BRATISLAVA (Reuters) - The European Union and Turkey tested the waters for a political rapprochement on Saturday with a first meeting between the bloc’s 28 foreign ministers and a senior Ankara official after a failed coup in Turkey in July strained their uneasy ties.
The EU, which depends on Ankara to keep a lid on the movement of migrants to the bloc, is now seeking to ease tensions with Turkey after voicing loud criticism of President Tayyip Erdogan’s post-coup crackdown.
“On the political level we need a rapprochement, we need to normalise the situation,” Luxembourg Foreign Minister Jean Asselborn told Reuters after the EU ministers’ meeting with Turkey’s EU Affairs Minister Omer Celik.
“It’s the first time since the coup that we spoke to each other, not about one another. But we cannot forget the rule of law. Everyone around the table said that if they want to stabilize the situation, they must come back to the rule of law as quickly as possible.”
Celik, speaking to reporters via a translator, expressed Turkey’s strong disappointment with the EU’s initial reaction to the attempted military coup.
But he also said: “As a result of the meeting, there is very strong consensus about focusing on a positive agenda and further enhancing cooperation between Turkey and the EU.”
The EU, often critical of Turkey’s track record on human rights and rule of law, was taken further aback when Ankara dismissed 80,000 people from public duty and arrested many of them over alleged sympathies with the plotters.
Turkey was enraged by what it saw as the EU’s half-hearted condemnation of the coup. It accused Muslim cleric Fethullah Gulen of masterminding it, which he denied.
With the talks in Bratislava, the bloc is now sending a more conciliatory message, while upholding demands that Turkey makes a greater effort towards upholding democratic principles.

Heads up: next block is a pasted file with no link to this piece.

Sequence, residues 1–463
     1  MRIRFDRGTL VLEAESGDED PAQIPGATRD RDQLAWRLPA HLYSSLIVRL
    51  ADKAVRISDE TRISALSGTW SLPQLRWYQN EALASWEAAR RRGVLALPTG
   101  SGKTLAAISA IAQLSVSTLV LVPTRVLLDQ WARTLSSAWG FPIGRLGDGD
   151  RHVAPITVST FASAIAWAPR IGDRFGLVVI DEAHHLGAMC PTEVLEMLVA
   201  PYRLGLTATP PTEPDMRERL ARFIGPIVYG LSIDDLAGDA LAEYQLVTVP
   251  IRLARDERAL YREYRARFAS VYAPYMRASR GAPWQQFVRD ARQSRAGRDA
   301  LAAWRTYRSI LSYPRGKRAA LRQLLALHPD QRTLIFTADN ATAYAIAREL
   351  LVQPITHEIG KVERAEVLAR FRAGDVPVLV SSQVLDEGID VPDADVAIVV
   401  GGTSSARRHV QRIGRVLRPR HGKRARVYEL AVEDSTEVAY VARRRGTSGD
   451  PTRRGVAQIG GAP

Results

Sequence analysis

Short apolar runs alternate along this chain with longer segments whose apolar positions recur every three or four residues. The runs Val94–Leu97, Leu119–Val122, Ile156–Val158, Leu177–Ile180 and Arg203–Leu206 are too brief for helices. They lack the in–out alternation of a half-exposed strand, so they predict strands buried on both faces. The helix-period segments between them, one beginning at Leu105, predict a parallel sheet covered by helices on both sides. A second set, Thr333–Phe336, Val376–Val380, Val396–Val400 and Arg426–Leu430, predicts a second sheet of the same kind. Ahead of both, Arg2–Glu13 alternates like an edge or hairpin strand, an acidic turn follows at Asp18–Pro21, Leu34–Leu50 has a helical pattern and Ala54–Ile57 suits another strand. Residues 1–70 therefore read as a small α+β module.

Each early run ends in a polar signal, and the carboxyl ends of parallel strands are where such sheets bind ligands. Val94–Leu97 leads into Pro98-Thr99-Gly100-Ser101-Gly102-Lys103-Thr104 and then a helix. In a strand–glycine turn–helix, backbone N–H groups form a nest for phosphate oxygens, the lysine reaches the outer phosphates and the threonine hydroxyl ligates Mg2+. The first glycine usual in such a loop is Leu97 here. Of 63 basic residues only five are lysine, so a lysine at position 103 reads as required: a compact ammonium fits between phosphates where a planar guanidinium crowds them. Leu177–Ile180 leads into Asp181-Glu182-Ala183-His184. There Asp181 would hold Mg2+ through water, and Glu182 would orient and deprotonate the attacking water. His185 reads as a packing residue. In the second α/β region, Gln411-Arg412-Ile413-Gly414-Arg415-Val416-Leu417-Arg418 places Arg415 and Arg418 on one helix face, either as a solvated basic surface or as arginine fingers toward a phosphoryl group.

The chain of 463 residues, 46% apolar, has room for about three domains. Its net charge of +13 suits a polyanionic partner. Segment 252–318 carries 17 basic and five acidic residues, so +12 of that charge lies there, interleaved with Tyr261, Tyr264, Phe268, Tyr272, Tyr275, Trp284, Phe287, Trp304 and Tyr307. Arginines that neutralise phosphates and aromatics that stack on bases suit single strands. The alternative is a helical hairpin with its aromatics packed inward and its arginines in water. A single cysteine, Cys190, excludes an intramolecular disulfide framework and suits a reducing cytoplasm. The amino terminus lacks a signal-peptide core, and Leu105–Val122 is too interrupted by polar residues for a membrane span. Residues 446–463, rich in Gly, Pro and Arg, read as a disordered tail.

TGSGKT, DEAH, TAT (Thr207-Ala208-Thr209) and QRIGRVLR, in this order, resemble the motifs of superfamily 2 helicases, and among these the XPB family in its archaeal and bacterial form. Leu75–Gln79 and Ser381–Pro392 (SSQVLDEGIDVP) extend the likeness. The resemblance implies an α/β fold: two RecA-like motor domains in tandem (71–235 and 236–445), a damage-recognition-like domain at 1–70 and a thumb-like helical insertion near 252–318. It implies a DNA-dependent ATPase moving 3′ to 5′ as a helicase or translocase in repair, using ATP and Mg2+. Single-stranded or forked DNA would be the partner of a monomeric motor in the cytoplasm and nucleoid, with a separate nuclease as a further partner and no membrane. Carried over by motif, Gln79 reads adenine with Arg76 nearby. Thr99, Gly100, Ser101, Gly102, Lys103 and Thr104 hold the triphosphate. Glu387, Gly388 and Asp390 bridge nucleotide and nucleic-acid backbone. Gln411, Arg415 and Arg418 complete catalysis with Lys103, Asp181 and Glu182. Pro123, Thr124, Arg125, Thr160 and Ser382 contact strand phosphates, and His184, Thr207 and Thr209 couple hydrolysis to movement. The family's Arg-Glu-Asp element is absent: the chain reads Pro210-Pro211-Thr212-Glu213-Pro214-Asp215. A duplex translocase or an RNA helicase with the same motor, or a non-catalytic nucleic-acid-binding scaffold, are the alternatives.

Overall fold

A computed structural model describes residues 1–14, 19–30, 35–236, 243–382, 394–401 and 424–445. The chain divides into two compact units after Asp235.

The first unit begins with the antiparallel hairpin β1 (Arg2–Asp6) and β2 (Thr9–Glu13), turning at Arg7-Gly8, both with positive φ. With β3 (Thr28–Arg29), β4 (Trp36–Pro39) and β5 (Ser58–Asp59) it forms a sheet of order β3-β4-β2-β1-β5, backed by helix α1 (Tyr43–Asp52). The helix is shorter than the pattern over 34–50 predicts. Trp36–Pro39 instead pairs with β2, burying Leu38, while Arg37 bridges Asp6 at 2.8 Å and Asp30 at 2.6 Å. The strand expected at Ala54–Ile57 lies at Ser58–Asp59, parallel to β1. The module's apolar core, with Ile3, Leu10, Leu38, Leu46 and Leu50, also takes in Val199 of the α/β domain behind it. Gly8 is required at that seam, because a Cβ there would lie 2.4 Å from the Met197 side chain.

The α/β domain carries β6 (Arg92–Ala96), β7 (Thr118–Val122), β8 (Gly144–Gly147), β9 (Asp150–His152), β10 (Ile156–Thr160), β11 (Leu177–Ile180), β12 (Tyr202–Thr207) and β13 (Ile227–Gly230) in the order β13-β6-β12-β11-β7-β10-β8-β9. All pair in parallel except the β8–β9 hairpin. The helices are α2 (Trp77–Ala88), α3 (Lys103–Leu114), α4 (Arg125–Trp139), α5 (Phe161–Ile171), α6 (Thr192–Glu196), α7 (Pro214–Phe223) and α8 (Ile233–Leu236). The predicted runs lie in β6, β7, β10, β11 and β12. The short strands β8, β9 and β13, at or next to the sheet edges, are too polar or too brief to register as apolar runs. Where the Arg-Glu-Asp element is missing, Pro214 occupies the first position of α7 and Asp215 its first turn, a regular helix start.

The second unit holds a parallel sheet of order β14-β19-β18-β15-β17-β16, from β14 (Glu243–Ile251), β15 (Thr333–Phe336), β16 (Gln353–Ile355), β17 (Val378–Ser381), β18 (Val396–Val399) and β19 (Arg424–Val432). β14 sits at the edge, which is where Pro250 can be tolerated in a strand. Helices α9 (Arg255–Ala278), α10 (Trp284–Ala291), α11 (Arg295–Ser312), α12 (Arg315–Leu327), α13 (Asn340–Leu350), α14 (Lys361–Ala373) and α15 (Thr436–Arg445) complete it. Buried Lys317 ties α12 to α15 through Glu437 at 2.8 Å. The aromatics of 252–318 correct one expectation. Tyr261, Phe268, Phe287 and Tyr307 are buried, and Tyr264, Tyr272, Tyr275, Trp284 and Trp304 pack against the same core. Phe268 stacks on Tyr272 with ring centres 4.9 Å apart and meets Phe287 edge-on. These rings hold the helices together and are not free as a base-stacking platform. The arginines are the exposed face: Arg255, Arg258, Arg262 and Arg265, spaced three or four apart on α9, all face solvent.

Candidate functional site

“I really expect an improvement of relationship now,” Slovak Foreign Minister Miroslav Lajcak said.
The Netherlands was more cautious, as it also raised with fellow EU states the issue of dealing with Gulen supporters in their own countries.
Austria has gone as far as to propose dropping EU accession talks with Turkey over democratic deficiencies but, despite widespread reservations among EU capitals on whether Ankara should or would ever join, Vienna seemed to be getting little support on this particular point.
Celik criticized Austria, saying such comments “lack vision” and “put in jeopardy the future of Europe”.
He said Ankara would stick to the migration accord but that it was “not rational” to expect the Turkish government to relax its counter-terrorism laws now as it fights Islamic State in neighboring Syria and Kurdish militants on its own soil.
He did not rule out, however, that this could happen in the future once there is “no terrorism threat” in Turkey, saying Ankara was ready for talks on that with the Council of Europe (CoE), a European rights body of which Turkey is a member.
The EU worries Turkey applies its anti-terror laws too broadly to go after Erdogan critics and has made easing them a precondition for granting Turks visa-free movement.
Ankara previously threatened to walk away from cooperation on migration should it not get more relaxed travel rules in October, a prospect Celik downplayed on Saturday.
But he did say Turkey would not seal any new deals to control migration to the EU before it gets visa liberalization.
German Foreign Minister Frank-Walter Steinmeier said his Turkish counterpart Mevlut Cavusoglu would travel to Strasbourg next week to discuss the role the CoE could play in post-coup prosecutions in Turkey.
“We need to underscore that we stand by the side of Turkey, and have enormous respect for the Turkish people who rose up and fought the military coup,” he said.
“Perhaps we must admit self-critically that the empathy and emotionality of our statements of solidarity were not heard and received in Turkey with the needed intensity,” Steinmeier said of the EU’s initial reaction to the botched coup.
EU-Turkey talks will continue when Erdogan will meet Jean-Claude Juncker, the head of the EU’s executive arm, on the sidelines of the G20 summit in China on Sunday and Monday.
Russian President Vladimir Putin met Erdogan in Hangzhou on the eve of the summit and told him he was glad that political life was being stabilized in Turkey.
“We see that the Turkey is living through difficult time, is fighting against terrorism and facing serious terrorist crimes.”
“You and me have several time expressed our position on the fight against terrorism. I am sure that you have already succeeded in fully normalizing the situation,” Putin said.
Additional reporting by Andrea Shalal in Berlin, Writing by Gabriela Baczynska; Editing by Jon Boyle and Angus MacSwan